• Fiduciary Responsibility

There’s still a lot of confusion and uncertainty surrounding the Department of Labor (DOL)’s new Fiduciary Rule, but make no mistake: Advisors are taking substantial risks if they’re not in compliance. Partnering with a retainer fee-based financial planning team that has adopted and adheres to these new mandates can make a world of difference for advisors and the clients they represent.

Doing so in part shifts this burden off their shoulders—in other words, they’re chosen the right model. It provides less likelihood of regulatory risk. Perhaps most importantly, it helps provide peace of mind to both advisors and clients. Enlisting the help of financial planners who are actually monetarily incentivized to be “fiduciaries”—not salespeople—provides greater assurance that they have clients’ best interests in mind – regardless of what the regulations mandate.

Essentially, this is exactly what the DOL’s new rule is supposedly designed to address.

The new Fiduciary Rule expands the definition of a fiduciary as stipulated in the Employee Retirement Income Security Act of 1974, or ERISA, for short, and in a nutshell, now covers those very same people who’ve been recommending which financial products to buy or sell, widening the fiduciary umbrella to encompass individual retirement accounts, or IRAs.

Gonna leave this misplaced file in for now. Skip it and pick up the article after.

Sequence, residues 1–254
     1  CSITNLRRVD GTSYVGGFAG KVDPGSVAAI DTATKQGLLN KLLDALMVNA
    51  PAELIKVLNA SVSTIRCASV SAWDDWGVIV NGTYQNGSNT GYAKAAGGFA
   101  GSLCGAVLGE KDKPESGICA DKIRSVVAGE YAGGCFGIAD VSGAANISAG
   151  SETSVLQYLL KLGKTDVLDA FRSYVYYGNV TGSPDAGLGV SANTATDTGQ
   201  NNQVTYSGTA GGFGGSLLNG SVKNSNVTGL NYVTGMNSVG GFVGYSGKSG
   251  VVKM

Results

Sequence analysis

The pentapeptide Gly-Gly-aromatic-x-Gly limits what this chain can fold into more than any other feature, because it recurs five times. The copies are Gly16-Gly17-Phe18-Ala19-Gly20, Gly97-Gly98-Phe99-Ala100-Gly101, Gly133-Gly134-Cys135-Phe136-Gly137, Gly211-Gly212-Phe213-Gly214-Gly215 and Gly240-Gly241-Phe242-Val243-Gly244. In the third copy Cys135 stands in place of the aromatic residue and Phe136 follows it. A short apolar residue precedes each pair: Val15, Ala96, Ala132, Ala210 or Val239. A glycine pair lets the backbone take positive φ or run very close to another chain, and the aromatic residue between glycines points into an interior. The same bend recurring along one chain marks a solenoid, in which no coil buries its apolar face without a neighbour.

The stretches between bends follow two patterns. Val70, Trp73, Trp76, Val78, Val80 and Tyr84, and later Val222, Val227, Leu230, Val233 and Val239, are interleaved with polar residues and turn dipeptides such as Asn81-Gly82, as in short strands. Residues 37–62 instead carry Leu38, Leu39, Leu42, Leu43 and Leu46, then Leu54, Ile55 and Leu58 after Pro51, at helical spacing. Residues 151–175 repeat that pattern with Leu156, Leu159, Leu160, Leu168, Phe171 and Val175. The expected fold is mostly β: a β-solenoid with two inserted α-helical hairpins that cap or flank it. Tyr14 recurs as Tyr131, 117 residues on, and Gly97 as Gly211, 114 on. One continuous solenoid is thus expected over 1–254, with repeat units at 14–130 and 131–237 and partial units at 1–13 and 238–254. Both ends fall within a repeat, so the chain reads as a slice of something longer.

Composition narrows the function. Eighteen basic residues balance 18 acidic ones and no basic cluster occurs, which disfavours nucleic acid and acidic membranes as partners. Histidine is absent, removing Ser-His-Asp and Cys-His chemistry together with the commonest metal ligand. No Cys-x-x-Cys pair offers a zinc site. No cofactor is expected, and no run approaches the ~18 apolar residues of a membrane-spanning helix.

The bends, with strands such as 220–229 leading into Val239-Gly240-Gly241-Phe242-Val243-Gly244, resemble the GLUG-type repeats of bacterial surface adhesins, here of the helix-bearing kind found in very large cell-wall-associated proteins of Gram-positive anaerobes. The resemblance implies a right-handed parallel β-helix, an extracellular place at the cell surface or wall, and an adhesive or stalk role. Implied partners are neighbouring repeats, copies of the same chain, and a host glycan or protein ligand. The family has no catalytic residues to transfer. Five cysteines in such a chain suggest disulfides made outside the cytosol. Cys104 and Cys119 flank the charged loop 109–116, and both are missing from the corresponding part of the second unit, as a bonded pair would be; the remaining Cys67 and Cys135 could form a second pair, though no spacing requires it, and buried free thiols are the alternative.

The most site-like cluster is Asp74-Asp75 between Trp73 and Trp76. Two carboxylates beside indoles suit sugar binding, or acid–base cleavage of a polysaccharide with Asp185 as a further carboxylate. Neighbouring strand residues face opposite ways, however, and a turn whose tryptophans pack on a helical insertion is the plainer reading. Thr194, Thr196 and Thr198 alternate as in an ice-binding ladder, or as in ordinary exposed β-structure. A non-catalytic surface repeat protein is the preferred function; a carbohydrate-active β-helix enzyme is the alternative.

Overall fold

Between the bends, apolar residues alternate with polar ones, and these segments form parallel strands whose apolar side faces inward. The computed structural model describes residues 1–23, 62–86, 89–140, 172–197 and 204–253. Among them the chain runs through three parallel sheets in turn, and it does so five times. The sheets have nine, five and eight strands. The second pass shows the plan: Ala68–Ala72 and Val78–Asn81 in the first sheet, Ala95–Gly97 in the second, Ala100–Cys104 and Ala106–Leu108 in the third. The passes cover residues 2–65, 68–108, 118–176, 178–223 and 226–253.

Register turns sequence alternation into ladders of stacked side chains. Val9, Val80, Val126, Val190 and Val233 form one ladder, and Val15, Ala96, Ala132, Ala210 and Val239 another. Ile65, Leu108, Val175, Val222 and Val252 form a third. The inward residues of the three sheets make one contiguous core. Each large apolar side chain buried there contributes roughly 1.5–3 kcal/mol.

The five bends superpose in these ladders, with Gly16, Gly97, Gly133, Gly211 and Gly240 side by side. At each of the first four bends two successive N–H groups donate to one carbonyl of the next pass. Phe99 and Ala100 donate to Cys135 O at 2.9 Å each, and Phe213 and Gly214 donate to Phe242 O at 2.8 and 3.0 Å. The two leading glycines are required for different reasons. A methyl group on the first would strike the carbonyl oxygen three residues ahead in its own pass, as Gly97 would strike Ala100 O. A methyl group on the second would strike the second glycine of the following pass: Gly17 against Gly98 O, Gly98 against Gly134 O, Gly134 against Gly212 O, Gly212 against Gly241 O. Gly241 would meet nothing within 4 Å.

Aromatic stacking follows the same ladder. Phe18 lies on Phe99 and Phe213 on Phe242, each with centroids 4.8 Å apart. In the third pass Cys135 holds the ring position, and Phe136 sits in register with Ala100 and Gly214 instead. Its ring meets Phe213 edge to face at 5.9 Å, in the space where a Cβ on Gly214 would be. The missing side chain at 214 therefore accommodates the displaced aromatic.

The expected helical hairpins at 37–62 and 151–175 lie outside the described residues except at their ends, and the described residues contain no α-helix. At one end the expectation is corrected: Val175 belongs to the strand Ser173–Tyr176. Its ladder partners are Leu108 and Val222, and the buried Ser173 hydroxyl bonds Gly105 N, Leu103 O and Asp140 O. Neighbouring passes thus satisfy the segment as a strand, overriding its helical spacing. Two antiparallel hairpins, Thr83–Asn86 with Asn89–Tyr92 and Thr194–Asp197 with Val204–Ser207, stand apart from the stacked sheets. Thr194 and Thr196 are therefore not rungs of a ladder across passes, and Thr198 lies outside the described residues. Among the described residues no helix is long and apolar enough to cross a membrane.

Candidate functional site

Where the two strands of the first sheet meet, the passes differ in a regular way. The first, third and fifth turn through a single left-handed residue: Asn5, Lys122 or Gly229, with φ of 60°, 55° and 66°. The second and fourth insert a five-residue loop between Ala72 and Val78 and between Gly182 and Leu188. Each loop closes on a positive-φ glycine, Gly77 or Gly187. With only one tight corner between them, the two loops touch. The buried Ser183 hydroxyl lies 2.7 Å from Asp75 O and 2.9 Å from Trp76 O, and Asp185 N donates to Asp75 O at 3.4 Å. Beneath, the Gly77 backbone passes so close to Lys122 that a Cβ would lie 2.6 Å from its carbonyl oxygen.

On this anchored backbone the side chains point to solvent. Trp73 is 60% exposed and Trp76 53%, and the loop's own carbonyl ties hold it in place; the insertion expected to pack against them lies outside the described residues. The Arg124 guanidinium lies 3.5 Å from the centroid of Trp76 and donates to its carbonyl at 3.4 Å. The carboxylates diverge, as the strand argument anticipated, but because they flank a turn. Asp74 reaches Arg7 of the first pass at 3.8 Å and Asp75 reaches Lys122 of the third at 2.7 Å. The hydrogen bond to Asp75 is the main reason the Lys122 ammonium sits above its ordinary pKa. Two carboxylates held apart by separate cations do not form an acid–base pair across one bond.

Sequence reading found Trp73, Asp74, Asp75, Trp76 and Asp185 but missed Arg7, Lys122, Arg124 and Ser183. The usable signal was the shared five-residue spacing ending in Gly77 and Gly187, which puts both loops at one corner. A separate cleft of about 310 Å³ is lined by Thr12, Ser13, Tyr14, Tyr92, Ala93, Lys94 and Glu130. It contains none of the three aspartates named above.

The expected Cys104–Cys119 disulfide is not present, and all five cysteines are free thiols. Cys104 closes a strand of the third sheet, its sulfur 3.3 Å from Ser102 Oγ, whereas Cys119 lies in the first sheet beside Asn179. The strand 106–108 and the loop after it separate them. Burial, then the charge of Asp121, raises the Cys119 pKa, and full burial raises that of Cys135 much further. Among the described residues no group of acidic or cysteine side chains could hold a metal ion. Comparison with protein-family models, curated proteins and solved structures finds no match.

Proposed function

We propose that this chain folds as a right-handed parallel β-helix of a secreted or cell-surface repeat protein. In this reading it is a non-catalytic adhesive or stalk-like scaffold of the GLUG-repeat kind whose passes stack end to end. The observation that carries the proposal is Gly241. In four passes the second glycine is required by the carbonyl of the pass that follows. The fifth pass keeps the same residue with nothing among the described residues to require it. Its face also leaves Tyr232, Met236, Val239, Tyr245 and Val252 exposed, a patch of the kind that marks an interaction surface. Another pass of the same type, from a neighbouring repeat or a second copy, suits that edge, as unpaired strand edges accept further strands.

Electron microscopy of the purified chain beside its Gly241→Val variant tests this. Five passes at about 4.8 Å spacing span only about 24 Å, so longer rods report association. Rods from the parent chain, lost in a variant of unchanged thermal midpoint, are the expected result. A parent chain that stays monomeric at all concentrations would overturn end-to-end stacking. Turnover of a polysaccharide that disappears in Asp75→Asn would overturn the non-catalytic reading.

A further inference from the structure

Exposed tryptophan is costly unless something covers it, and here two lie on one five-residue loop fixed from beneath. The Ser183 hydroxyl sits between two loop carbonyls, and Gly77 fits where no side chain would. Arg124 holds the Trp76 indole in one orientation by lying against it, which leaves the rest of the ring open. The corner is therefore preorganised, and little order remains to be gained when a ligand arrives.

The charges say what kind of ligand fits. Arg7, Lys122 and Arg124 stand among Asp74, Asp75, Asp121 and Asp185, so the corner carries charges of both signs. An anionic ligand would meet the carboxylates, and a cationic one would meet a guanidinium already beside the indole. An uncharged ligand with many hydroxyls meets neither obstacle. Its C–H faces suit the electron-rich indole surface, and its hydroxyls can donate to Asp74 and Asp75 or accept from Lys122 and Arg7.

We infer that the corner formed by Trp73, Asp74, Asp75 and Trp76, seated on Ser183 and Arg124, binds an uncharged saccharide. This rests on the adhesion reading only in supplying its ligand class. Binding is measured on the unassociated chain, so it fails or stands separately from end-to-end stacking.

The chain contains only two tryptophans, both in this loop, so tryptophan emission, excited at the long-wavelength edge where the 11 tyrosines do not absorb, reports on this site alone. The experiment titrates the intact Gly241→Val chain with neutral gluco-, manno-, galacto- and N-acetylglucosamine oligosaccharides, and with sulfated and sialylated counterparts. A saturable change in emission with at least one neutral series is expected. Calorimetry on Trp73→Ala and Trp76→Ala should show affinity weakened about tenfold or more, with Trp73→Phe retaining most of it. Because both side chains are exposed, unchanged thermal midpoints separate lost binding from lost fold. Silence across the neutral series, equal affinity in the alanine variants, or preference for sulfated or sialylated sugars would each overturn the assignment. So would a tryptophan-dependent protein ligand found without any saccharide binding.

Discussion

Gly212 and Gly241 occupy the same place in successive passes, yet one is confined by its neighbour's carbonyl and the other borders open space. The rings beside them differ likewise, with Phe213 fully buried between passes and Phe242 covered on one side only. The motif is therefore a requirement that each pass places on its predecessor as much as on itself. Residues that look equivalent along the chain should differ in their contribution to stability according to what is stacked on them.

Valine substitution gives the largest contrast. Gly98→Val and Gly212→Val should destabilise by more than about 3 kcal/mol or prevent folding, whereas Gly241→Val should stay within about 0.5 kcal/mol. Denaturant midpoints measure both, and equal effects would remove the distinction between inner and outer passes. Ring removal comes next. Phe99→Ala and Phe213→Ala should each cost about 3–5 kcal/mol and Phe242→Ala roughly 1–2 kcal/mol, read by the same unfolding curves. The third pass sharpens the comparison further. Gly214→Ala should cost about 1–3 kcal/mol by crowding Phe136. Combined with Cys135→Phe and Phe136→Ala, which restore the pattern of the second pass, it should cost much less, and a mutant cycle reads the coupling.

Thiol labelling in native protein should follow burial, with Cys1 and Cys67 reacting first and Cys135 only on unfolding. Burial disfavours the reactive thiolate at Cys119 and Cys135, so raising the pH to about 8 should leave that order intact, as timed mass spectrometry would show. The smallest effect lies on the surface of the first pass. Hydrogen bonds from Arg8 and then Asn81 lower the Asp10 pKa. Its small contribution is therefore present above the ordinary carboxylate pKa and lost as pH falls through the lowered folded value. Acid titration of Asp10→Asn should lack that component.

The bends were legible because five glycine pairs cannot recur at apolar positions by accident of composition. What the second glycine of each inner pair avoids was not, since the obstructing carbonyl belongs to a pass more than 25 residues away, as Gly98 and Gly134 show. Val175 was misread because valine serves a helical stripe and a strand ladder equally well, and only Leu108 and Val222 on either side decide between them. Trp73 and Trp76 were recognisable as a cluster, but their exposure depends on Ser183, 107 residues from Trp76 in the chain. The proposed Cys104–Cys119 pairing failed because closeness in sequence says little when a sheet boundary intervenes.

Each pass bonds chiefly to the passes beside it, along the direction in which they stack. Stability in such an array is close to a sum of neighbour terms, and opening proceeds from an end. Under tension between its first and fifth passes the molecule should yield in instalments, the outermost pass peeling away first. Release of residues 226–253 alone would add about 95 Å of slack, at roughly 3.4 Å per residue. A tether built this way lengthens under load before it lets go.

Soon—the Trump administration has postponed the new rule’s enactment until at least January 2019—anyone purporting to act in their clients’ best interest must actually do so. But whether or not the Fiduciary Rule gets fully enacted as planned, the “cat is out of the bag” so to speak. These issues are now in the public consciousness, so they’re unlikely to go away for advisors. 

Think about it. Retainer fee-based financial planners—which are regulated as “Registered Investment Advisers” (RIAs)—have already largely avoided many major conflicts of interest, simply by the intrinsic nature of their pricing structure. Thus, they not only have a legal obligation, but a much greater incentive, too, to act in clients’ best interests than those who still (for now) earn their compensation through commissions and how many financial products they unload.

For Financial Advisors

Perhaps you’re an agent at an insurance company. Perhaps you’ve worn or still wear a stockbroker’s hat. Maybe you’re an investment advisory specialist who wraps your financial planning services into your asset-based fee.

News Alert: Retainer Fee-Based Financial Planning Is In. Protect Your Business & Your Clients. Switch Today.

Besides alleviating conflicts of interest, providing increased protection from the new requirements of the U.S. Department of Labor’s Fiduciary Rule, and greater flexibility in addressing client’s true financial needs, partnering with a retainer fee-based financial planning and wealth management firm could also provide potential future job security for those in the business of furnishing personal finance advice.

That’s because—wait for it…